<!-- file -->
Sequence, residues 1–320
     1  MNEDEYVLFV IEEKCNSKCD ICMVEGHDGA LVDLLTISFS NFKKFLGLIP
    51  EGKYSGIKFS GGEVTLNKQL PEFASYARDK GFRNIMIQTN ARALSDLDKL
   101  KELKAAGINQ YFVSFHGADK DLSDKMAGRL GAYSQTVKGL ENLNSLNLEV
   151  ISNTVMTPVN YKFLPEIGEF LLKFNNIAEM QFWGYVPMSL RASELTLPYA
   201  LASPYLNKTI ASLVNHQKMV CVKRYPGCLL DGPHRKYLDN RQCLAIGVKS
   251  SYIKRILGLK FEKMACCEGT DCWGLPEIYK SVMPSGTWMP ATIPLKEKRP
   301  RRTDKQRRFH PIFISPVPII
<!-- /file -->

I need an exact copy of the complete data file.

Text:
Sequence, residues 1–320
     1  MNEDEYVLFV IEEKCNSKCD ICMVEGHDGA LVDLLTISFS NFKKFLGLIP
    51  EGKYSGIKFS GGEVTLNKQL PEFASYARDK GFRNIMIQTN ARALSDLDKL
   101  KELKAAGINQ YFVSFHGADK DLSDKMAGRL GAYSQTVKGL ENLNSLNLEV
   151  ISNTVMTPVN YKFLPEIGEF LLKFNNIAEM QFWGYVPMSL RASELTLPYA
   201  LASPYLNKTI ASLVNHQKMV CVKRYPGCLL DGPHRKYLDN RQCLAIGVKS
   251  SYIKRILGLK FEKMACCEGT DCWGLPEIYK SVMPSGTWMP ATIPLKEKRP
   301  RRTDKQRRFH PIFISPVPII